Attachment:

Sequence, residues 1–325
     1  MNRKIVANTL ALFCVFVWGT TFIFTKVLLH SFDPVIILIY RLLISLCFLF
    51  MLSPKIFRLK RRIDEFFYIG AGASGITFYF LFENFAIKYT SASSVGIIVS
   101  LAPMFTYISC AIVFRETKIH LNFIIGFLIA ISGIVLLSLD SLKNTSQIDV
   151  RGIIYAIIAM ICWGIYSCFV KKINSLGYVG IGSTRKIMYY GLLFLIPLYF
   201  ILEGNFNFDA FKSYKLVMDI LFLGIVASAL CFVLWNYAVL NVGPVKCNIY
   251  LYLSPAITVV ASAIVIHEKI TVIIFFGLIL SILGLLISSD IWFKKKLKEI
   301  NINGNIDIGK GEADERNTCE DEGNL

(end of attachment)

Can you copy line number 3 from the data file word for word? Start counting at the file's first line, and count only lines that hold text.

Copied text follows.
    51  MLSPKIFRLK RRIDEFFYIG AGASGITFYF LFENFAIKYT SASSVGIIVS